Much research on the effects of international human rights institutions (IHRIs) is fixated on whether IHRIs have-"on balance" or "systematically"- generated domestic effect. This essay highlights the path-dependent and conditional nature of domestic effects of IHRIs that the current scholarship has either willfully ignored or proven unable to take seriously. It focuses on causal mechanisms by which IHRIs, as codification of rights and as treaty organizations, impact domestic human rights practice by empowering domestic human rights stakeholders and thereby indirectly influencing states' human rights practice. The essay sheds further light on the conditions under which IHRIs empower domestic stakeholders.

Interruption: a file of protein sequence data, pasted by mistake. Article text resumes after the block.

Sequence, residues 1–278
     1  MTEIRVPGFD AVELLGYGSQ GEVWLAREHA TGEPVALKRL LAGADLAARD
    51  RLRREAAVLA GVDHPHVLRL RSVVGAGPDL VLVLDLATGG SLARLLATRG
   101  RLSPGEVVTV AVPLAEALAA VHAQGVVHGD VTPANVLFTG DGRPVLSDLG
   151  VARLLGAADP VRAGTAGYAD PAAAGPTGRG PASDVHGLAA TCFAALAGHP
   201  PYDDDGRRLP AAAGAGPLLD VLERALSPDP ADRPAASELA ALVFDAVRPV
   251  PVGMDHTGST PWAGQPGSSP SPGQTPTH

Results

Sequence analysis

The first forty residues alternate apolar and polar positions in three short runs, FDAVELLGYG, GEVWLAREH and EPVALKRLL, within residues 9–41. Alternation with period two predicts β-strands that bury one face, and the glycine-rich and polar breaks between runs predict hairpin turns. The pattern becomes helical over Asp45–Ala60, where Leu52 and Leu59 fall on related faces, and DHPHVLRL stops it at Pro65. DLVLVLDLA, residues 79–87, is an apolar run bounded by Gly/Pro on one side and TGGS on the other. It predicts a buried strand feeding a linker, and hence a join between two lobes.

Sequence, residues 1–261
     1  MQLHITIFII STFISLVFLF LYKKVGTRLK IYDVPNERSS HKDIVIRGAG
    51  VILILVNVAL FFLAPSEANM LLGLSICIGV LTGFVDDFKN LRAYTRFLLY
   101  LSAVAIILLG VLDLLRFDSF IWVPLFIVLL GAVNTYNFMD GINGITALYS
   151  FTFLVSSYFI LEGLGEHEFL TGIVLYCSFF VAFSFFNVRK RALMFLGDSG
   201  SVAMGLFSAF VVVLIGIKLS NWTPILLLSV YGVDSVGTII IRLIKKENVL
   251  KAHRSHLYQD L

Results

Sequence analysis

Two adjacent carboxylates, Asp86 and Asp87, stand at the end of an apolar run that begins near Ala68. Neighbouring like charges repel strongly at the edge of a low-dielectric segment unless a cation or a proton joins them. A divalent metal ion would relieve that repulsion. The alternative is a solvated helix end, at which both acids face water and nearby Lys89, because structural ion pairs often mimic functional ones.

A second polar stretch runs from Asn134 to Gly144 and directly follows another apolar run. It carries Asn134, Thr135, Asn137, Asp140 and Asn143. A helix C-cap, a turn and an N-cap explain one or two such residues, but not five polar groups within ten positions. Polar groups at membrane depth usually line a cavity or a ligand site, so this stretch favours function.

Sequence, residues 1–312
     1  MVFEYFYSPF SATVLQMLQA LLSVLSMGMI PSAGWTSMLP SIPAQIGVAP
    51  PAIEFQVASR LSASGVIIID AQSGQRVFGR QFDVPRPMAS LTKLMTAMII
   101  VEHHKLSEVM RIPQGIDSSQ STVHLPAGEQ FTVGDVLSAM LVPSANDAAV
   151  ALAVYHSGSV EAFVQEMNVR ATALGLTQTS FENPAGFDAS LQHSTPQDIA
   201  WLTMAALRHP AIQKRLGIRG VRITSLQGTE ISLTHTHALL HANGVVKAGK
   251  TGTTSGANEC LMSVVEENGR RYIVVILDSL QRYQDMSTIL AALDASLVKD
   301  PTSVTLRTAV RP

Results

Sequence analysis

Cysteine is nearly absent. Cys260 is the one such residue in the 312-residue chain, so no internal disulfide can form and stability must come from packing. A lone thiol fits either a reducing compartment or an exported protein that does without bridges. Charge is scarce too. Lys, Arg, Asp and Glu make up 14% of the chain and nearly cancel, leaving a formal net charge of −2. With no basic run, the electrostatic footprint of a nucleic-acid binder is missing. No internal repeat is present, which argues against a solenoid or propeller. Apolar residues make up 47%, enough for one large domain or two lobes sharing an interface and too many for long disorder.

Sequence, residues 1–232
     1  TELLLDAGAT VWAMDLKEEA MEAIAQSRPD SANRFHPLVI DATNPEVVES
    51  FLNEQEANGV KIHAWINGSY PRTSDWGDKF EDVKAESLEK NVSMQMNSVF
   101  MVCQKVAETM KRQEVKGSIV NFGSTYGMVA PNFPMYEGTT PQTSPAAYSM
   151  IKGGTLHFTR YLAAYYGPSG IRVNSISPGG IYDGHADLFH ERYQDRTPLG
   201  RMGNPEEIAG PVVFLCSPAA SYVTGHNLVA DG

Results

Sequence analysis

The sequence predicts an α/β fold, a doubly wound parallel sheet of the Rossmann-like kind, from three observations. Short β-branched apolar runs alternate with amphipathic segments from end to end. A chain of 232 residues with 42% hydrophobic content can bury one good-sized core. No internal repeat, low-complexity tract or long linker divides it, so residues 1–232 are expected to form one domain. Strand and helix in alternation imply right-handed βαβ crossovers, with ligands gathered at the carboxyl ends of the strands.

ASJC Scopus subject areas
- Sociology and Political Science
- Social Sciences (miscellaneous)